Shopping is coming to a livestream near you

While there are hurdles to mass adoption, brands in Canada are experimenting with livestream channels to reach consumers shopping at home.

This story originally appeared in the Winter 2021 issue of strategy.

Considered by many as a modern-day equivalent of the age-old infomercial, livestream shopping is rapidly gaining steam in some global markets.

Livestreams are essentially a democratized, digitized version of the TV world’s QVC and Home Shopping Network, where celebrities, influencers and brand ambassadors promote products to customers. The chief difference is that the online versions offer a more social and interactive experience, allowing customers to interact with hosts through a chat box. In many cases, customers can seamlessly click-to-buy the products being discussed in real-time.

It’s a growing phenomenon in China, and one that has been accelerated by the pandemic. Already, two-thirds of Chinese consumers report purchasing products via live online broadcasts. In 2020, sales are predicted to reach US$125 billion, up from $63 billion the year before.

While conditions are ripe for a similar livestream shopping boom in North America, experts and marketers say there are hurdles that must first be overcome.

“The platforms are still finding their feet [in Canada and the U.S.],” says Dan Moseley, group account director at social agency We Are Social. Brands must figure out how to build a bridge between their ecommerce sites and the social platforms on which livestreams take place, he adds.

In China, platforms like Alibaba’s Taobao have successfully integrated social and transaction capabilities, says Studio RX chief strategist Carl Boutet. The model has bestowed significant sway onto influencers (known as KOLs, or “key opinion leaders”) like Li Jiaqi, the Chinese “King of Lipstick,” that have millions of followers. During China’s biggest shopping occasion known as Singles’ Day, Jiaqi generated US$145 million in sales through livestreamed content, spending a mere five minutes talking about each product.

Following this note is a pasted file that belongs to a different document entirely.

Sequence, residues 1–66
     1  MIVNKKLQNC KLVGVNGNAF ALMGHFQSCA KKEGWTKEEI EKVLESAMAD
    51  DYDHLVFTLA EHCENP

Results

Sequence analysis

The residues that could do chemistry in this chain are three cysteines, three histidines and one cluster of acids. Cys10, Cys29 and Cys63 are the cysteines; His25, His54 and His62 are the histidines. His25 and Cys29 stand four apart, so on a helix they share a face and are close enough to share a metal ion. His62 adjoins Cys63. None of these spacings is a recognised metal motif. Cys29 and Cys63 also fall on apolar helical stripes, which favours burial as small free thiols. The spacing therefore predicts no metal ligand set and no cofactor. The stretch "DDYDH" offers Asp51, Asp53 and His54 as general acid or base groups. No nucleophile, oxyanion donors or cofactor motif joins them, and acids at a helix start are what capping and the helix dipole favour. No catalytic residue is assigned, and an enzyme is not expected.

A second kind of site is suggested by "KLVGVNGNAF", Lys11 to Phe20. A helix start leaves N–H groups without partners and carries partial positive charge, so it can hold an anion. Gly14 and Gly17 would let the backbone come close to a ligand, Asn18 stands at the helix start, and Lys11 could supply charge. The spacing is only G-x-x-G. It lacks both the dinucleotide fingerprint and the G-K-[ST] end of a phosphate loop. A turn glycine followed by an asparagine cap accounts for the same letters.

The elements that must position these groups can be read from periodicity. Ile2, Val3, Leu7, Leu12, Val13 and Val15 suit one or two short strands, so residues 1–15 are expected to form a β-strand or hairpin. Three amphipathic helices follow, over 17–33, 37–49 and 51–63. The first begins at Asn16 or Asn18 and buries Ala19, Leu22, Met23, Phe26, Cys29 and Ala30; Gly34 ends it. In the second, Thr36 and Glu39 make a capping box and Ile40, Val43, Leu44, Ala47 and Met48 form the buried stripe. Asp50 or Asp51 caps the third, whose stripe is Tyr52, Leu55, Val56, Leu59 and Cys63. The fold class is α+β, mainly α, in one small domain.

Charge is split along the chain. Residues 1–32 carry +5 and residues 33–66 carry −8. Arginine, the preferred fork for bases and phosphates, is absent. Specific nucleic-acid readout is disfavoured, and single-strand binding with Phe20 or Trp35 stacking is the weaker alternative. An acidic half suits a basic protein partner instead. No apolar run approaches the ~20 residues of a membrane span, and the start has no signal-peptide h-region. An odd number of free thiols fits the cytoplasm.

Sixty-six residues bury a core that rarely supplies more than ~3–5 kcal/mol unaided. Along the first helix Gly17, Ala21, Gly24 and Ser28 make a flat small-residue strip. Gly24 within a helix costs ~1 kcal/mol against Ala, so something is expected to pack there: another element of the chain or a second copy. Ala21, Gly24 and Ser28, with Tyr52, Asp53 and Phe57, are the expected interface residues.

In Canada, Montreal’s Livescale works with brands and has partnered with Shopify to connect its platform with the company’s e-commerce sites. But, platforms like Livescale don’t come with established audiences. “It’s a closed environment,” says Boutet. “You have to go out of your way to get them onto your platform.”

Cheekbone BeautyIn the U.S., brands like Levi’s and Walmart recently experimented with the nascent livestream commerce tools on Amazon, Facebook, Instagram and TikTok. However, brands don’t yet have access to them in Canada. Until they do, companies like L’Oréal (whose Urban Decay and Lancôme brands held livestreams through Livescale even before the pandemic began) may be large enough to bring in customers on their own, while smaller brands continue to struggle to earn ROI, says Boutet.

Indigenous-owned beauty brand Cheekbone Beauty, for example, was part of a Livescale test last year. “It takes a lot of pre-planning, timing, space, the right people speaking – so we’re not there yet,” says founder Jennifer Harper, who notes there’s a lot of future potential for brands in shoppable livestreams. “We will definitely be working on [a] plan moving forward.”

Beyond providing immediate sales, Moseley sees an opportunity for brands to turn their livestreams into on-demand content. Boutet says customers could then use that content to research products before going to a store, as they already do with websites.

Livestream shopping can help recover what many customers have lost during the pandemic: the opportunity to explore products, experience a brand’s personality and ask questions while shopping from home, says Moseley. But that doesn’t mean it will be a passing fad, he says. “Livestream shopping will become a bigger force and it will be used even when shops are back open.”